Turn Your Eyes Upon Jesus
By Kay W. Camenisch
Researchers say a baby’s sight is the last sense to develop. However, even before they can focus, newborns look toward faces. Studies show that infants also begin to read faces when they are very young. They feel positive vibes from a smile and smile back. If a mother frequently smiles and interacts with her newborn, the infant smiles in anticipation as soon as she enters the room.
Likewise, babies recognize when a face shows displeasure or disgust. If Mom is pre-occupied or angry and doesn’t return the smile, the baby’s smile will fade, the eyes look perplexed, and the face becomes blank. A baby learns to take cues from others in the room, especially its mother.
If infants don’t receive positive interaction during early development, they are stunted in personal interactions. As older children, they show little emotion in response to others. In some countries, orphans sit alone in cribs and get little positive contact with adults. As a result, they are severely underdeveloped emotionally. Even physical growth is stunted. Face-to-face interaction is necessary for healthy development.
As adults, we continue to watch faces. We subconsciously observe how people respond. We can tell if our audience is pleased, amused, delighted, or displeased. We see it in their faces—and we adjust. We quickly embellish our story for greater response, add more detail to support our view, or we end the conversation quickly. We take our cues from faces around us.
Maybe we’re created that way so we will properly relate to God.
Speaking to God, David said,
“As for me, I shall behold Thy face in righteousness; I will be satisfied with Thy likeness when I awake.” “When Thou didst say, ‘Seek My face,’ my heart said to Thee, ‘Thy face, O Lord, I shall seek’” (Ps. 17:15, Ps. 27:8 emphasis added).
David was satisfied with God’s face, and is the only person in the Bible that repeatedly talked about God’s face. Likewise, David is the only one we’re told was a man after God’s heart. Do you think that David could have gained a heart after God’s heart because he was practiced in looking into the face of God? Could it be that David got his cues from God rather than from those around him?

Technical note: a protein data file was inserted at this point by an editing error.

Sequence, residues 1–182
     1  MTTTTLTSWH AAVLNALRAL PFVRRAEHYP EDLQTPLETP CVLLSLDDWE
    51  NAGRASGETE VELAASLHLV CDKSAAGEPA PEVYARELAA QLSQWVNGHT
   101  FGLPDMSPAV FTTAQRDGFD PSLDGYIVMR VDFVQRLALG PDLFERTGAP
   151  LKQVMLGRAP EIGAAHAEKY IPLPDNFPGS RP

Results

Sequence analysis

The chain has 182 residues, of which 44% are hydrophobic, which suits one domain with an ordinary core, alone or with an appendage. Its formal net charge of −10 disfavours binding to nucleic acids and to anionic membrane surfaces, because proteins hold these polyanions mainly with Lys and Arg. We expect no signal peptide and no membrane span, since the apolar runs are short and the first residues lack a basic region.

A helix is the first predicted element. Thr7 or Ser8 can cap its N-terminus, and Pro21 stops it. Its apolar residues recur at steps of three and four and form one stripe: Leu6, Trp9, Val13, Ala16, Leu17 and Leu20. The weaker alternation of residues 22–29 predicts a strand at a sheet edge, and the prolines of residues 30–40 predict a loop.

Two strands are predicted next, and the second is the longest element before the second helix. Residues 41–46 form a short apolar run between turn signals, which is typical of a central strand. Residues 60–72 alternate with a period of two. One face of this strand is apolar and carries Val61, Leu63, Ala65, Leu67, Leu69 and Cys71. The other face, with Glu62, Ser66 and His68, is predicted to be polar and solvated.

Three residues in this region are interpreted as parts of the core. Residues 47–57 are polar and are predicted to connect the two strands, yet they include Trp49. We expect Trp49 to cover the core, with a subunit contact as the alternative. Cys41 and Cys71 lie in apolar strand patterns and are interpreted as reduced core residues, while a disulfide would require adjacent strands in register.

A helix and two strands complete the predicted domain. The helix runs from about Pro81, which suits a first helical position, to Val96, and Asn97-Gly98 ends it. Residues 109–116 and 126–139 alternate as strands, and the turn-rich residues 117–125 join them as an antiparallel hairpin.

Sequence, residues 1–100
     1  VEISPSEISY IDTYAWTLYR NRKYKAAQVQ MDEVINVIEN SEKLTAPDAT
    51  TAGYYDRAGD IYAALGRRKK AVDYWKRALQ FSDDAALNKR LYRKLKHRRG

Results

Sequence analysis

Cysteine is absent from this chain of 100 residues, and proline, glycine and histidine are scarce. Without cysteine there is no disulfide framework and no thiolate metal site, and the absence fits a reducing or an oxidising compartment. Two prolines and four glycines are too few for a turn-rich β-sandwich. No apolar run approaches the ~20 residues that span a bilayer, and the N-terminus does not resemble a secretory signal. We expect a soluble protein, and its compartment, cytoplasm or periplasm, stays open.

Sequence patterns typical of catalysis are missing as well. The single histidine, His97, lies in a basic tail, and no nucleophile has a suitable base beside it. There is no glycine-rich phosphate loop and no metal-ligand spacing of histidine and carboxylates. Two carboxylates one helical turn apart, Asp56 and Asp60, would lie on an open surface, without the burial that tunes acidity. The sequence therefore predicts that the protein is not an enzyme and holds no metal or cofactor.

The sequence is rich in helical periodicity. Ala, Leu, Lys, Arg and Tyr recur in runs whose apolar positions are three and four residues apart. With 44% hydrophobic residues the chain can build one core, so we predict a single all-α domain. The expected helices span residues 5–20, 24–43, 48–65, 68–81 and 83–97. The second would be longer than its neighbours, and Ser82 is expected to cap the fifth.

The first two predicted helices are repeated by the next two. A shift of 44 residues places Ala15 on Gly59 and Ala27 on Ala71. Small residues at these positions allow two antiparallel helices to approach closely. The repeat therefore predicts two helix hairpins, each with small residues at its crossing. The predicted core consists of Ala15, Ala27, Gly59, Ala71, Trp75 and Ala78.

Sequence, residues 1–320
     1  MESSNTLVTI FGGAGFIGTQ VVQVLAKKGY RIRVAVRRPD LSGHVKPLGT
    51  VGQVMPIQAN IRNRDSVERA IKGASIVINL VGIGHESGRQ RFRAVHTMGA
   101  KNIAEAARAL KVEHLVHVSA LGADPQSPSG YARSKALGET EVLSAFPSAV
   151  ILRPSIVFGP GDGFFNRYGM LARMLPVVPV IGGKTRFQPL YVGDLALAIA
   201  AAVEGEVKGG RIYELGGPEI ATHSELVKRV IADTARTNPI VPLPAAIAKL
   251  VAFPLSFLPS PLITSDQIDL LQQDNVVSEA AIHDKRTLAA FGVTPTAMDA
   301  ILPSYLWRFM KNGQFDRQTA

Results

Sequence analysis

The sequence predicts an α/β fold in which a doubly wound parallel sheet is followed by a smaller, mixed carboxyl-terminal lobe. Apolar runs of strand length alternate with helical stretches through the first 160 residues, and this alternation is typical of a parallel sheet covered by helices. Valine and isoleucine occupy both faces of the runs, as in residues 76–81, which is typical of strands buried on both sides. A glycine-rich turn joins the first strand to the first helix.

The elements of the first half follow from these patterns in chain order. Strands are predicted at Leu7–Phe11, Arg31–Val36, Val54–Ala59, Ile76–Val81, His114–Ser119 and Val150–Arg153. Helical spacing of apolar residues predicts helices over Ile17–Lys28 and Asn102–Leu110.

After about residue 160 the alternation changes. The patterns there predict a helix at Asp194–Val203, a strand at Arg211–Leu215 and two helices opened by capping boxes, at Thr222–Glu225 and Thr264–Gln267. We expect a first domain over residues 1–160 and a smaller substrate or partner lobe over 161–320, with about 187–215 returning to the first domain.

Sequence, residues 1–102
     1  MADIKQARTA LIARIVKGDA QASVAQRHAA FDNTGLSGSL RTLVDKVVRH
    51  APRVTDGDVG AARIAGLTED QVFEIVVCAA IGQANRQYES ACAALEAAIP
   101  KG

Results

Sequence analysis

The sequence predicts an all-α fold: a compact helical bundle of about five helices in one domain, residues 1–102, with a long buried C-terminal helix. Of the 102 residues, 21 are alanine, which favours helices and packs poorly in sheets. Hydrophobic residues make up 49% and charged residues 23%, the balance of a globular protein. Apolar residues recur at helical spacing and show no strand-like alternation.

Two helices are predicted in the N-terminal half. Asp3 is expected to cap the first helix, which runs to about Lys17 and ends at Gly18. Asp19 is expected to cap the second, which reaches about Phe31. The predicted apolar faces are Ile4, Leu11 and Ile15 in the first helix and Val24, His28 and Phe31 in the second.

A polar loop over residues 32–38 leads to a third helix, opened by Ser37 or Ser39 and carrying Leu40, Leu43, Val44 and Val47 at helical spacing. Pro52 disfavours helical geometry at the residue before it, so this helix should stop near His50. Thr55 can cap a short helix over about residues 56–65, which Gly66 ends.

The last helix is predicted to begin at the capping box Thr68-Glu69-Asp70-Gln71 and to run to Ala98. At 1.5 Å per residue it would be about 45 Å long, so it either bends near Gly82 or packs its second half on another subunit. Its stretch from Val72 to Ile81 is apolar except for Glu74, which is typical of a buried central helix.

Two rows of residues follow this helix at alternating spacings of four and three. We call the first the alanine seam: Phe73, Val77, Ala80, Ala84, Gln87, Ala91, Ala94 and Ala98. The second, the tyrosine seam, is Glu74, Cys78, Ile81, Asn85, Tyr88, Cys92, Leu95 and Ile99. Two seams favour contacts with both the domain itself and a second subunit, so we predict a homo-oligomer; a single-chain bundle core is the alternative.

In Psalm 11:4, David said,
“[God’s] eyes behold, His eyelids test the sons of men.”
The Lord is watching and waiting for us to look into His face. As a loving mother looks at her baby, the Lord’s eyes are on us, waiting for us to look at Him and return His smile. The Psalm closes with,
“For the Lord is righteous; He loves righteousness; The upright will behold His face” (11:7, emphasis added).
It is natural for the righteous to look into the face of the One that loves him (or her) the most. “The upright will behold His face.”
If, like a baby, we look into God’s face for cues, He will lead us with His eyes. As we allow His eyes to guide us, our lives will reflect His righteousness. As a baby responds to loving parents, we will delight in His pleasure.
The problem is that sometimes we’re too busy to gaze into His eyes. We’re also distracted by gauging what our friends think of us. Survey results indicate that the church today doesn’t look much different from society. It makes me wonder where we are looking to get our cues. It doesn’t seem we’re looking to God enough.
If we don’t seek the face of God, we’ll we be like babies, trapped in a crib, stunted in our spiritual growth. We won’t reflect our God to the world. I don’t want to be stunted. I want to reflect the righteousness of God to those around me.
Lord, help me turn my eyes to Jesus and to gaze into His eyes. I join David in His cry,
“Make Thy face to shine upon Thy servant; Save me in Thy lovingkindness “Do not hide Thy face from Thy servant, for I am in distress; answer me quickly. Oh draw near to my soul and redeem it” (Ps. 69:17-18a; 31:16).
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Kay W. Camenisch has written a Bible study, Uprooting Anger: Destroying the Monster Within, to help believers overcome the bondage of anger (www.uprootinganger.com). She has been published in The Upper Room and The Lookout. Contemporary Drama has published one of her plays, and she is a regular contributor to a newspaper column.
Kay is also a pastor’s wife, mother, and grandmother. She has worked closely in ministry with her husband, including in local churches, as missionaries in Brazil, working with a church school, training young adults to mentor troubled youth, and establishing and directing a ranch for troubled young men. Send Kay your comments. Visit Kay's website
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